I've been having a good old look on the net about palentology and dinasaurs as I understand it, there is no viable DNA left from the dinosaurs, since in fossils the organic material has, over the millenia, been completely replaced by rock. But I'm still looking.

I really find this subject amazing, am I turning into a "geek"
:cool:
User avatar
Sandra
Stone Cold Crazy
 
Posts: 2281
Joined: Fri Jun 30, 2006 2:00 am

Postby sooz » Fri Jun 22, 2007 3:15 am

Good topic to get into, certainly does not make you a “geek”.

Did you know that people didn't always know that fossils were relics of once-living organisms.


Fossils help us study the evolution of today's plants and animals
Fossils show us the sites of ancient seas, lakes and forests
Fossils even record ancient climates
Over billions of years, countless organisms - from tiny bacteria to giant trees - have become fossils, which I had more time on this, but not this week.

But have you ever asked yourself What Killed The Dinosaurs?
sooz
 

Postby bea » Fri Jun 22, 2007 4:14 am

It was me. I did it! Take that Dinosaurs. :spank:
“Eyes that do not cry, do not see”
~ Swedish Proverb
User avatar
bea
Stone Cold Crazy
 
Posts: 1817
Joined: Thu Apr 20, 2006 2:54 pm
Location: once removed

Postby MargeC » Fri Jun 22, 2007 5:27 am

sooz wrote:Good topic to get into, certainly does not make you a “geek”.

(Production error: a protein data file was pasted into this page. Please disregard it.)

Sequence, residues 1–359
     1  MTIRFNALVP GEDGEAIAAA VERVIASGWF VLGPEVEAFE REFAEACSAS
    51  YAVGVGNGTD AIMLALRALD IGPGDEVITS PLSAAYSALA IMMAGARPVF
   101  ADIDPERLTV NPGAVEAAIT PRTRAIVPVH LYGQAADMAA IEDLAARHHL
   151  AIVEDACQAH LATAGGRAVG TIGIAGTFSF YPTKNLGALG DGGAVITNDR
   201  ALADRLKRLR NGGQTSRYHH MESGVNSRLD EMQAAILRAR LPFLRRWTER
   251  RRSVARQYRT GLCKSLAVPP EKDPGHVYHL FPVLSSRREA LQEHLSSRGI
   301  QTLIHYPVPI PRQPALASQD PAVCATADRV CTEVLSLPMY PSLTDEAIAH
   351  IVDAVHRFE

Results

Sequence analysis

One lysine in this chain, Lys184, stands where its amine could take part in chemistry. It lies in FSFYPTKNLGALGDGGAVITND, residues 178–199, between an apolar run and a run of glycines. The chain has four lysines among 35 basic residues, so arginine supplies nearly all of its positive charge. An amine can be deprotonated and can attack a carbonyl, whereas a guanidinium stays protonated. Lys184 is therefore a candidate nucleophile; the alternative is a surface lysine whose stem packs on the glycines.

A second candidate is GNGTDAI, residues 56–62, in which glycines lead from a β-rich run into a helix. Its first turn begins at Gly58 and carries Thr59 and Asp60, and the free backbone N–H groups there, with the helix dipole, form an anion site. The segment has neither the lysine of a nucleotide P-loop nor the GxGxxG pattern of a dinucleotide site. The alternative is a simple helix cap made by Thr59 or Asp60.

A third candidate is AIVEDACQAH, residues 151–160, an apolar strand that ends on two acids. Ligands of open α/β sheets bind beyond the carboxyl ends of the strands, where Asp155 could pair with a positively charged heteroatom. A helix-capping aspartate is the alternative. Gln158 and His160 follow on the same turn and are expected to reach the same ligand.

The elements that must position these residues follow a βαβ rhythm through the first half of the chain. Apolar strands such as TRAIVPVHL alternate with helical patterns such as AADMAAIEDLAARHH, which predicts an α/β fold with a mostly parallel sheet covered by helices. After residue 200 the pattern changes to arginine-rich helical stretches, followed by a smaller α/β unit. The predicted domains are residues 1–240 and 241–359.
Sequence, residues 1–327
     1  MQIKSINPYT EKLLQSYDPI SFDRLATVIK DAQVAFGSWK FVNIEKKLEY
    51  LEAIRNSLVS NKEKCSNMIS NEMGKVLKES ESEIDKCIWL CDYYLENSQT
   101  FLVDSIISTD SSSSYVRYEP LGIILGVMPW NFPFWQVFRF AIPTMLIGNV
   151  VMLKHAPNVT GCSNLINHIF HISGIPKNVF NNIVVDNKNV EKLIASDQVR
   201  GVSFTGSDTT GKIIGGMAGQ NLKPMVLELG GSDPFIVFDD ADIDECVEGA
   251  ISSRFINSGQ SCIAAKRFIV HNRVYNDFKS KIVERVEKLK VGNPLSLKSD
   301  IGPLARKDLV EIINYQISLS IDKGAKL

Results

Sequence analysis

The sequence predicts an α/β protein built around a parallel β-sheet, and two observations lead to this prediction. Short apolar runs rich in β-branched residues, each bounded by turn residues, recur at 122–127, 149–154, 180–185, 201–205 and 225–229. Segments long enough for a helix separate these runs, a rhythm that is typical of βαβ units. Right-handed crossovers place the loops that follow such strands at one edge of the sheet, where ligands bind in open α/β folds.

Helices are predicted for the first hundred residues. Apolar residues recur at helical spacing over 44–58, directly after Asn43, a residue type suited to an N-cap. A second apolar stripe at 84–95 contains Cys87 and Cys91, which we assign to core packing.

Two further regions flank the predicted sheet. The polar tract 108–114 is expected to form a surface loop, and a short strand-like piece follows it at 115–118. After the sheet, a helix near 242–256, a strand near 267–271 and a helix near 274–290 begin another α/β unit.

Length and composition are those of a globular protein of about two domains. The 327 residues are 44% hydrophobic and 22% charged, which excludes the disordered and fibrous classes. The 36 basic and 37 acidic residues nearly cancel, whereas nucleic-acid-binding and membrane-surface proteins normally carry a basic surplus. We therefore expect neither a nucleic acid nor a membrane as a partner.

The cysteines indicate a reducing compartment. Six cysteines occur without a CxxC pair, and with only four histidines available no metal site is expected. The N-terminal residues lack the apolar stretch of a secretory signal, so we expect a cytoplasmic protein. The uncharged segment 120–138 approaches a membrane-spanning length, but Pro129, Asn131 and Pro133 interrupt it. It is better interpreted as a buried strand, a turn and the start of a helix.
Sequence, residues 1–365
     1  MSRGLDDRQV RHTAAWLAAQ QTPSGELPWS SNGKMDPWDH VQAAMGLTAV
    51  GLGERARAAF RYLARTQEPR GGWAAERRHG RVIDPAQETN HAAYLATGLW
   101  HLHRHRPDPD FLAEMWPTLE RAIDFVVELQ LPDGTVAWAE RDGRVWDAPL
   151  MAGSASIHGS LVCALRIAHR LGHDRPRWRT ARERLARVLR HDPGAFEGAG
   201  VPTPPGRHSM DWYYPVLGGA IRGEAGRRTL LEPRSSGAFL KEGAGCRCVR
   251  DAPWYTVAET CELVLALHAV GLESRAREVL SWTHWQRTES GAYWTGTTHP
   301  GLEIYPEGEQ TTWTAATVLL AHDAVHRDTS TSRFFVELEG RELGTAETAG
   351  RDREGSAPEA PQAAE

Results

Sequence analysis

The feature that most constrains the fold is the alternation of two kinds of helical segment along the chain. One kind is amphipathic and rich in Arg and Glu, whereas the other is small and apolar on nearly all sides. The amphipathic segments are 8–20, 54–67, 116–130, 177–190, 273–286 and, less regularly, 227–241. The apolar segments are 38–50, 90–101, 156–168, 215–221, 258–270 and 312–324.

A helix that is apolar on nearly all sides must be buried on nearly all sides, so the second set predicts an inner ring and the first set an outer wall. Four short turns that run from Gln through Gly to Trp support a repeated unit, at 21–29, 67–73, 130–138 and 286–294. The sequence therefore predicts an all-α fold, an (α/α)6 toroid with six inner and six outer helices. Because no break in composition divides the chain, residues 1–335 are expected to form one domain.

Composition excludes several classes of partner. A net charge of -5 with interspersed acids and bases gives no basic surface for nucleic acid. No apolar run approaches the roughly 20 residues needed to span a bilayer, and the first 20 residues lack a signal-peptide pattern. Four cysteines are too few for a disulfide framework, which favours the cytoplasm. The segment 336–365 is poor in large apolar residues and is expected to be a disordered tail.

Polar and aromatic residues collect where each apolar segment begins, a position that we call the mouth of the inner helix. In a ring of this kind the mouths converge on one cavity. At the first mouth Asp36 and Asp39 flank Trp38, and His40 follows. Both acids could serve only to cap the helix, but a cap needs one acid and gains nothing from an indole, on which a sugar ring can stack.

Did you know that people didn't always know that fossils were relics of once-living organisms.


Fossils help us study the evolution of today's plants and animals
Fossils show us the sites of ancient seas, lakes and forests
Fossils even record ancient climates
Over billions of years, countless organisms - from tiny bacteria to giant trees - have become fossils, which I had more time on this, but not this week.

But have you ever asked yourself What Killed The Dinosaurs?


everyone knows that. It was liver disease due to excessive party lifestyles.

My life is full of dinosaurs. My nephew is a dino freak. It disturbs me now how much he knows. Small brains soak information like sponges. "This week we're doing DINOSAURS at school!' 'How did you get on?' 'SHE DIDN'T KNOW ANNNNNY DINOSAURS!!' I pick up a toy and go 'oh look, arrrgh diplodocus' and he rolls his eyes going 'no, sperigalipethenkilatopicus'. Like 200 dinosaurs, at least, and he's only 5.

It's like as if they are some Disney created fantasy, hard to believe that large parts of our planet were once home to these big gits. That's evolution for you, I suppose: where hunting and prey is involved, nature just keeps selecting for bigger and bigger, more sharper pointy things and vicious sharp teeth. Their brains must have been awesome too. Angry twisted maniac aggressive little gits, half of them. If it moves, bite the crap out of it.
Bad Seed
User avatar
MargeC
Frantic
 
Posts: 475
Joined: Sun Jul 02, 2006 6:41 pm
Location: somewhere else

Postby Sandra » Fri Jun 22, 2007 7:01 am

bea wrote:It was me. I did it! Take that Dinosaurs. :spank:


there we go sooz sorted, bea did it :lol:
User avatar
Sandra
Stone Cold Crazy
 
Posts: 2281
Joined: Fri Jun 30, 2006 2:00 am

Postby pilvikki » Fri Jun 22, 2007 11:21 pm

there is one thing i'm baffled over: all we ever see are brown/greenish illustrations of dinos. what, thay hadn't discovered primary colours yet? if you're T-rex, you can be what friggin' colour you ever want to be as there were not too many around to bother you. should not the aquatic ones be whale-toned, "birdies" lighter beneath?